Work is considered plagiarised when another represents a person’s words, thoughts, ideas as expressions as their original work. However, because this definition is broad and vague, most work can be considered plagiarized. Plagiarism is not a crime and is only considered as academic dishonesty and can only result in a student or journalist being firing or dismissed.
However, in some cases, plagiarism can fall within the lines of intellectual property infringement. If someone has plagiarized copyrighted work, there is a chance the person or company can be taken to court. To file such a case the claims, have to convince a court that the work produces significant revenues and reduces that revenue earned by the original company or person who owns the rights to the information.
However, plagiarism and copyright infringement are seen as harming two different entities. Plagiarism is considered as a wrong against the reader, while copyright infringement is considered a wrong against the original author. If the copyright has expired, a person cannot commit plagiarism from that work.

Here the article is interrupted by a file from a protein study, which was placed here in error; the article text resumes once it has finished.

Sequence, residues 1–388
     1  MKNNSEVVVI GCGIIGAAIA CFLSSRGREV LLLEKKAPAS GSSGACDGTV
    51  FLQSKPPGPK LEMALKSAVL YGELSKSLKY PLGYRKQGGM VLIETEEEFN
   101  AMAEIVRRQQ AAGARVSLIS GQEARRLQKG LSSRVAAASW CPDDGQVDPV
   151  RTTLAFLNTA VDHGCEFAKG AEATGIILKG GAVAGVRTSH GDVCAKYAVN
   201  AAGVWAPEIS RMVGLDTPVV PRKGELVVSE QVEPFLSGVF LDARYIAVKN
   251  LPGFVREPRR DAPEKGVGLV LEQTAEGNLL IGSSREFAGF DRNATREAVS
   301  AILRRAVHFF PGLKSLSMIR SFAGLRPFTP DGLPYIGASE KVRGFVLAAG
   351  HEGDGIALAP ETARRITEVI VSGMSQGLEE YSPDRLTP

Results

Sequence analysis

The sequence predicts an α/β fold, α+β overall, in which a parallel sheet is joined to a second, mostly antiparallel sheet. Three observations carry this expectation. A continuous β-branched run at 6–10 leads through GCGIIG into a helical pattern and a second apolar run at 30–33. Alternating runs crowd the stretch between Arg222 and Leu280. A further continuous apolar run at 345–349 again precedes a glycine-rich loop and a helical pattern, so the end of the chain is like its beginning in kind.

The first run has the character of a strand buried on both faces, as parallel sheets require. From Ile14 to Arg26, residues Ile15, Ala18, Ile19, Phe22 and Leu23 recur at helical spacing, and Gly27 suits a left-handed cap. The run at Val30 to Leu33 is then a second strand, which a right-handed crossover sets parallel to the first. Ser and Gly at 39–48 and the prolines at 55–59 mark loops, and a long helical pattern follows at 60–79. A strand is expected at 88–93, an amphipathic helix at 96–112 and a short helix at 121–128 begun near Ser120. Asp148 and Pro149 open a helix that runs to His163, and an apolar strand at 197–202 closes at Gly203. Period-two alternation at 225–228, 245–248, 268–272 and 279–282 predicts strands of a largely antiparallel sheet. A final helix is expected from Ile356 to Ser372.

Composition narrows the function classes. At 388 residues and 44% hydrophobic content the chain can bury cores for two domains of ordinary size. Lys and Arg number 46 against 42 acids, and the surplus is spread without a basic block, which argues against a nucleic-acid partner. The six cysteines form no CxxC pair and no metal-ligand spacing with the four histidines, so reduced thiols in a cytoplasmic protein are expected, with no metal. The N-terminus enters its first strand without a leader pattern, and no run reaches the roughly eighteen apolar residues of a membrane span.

Thought current statute does not mention plagiarism in any criminal or civil statues, creative industries have been fighting to obtain some form of criminal sanction for copyright infringement and plagiarism. In the academic world, plagiarism can see the plagiariser fired, humiliated, discredited, and or expelled.
A new concept called self-plagiarism (or “recycling fraud”) has been recently acknowledged. This form of plagiarism involves as author reusing his work and not acknowledging that the writer is doing so.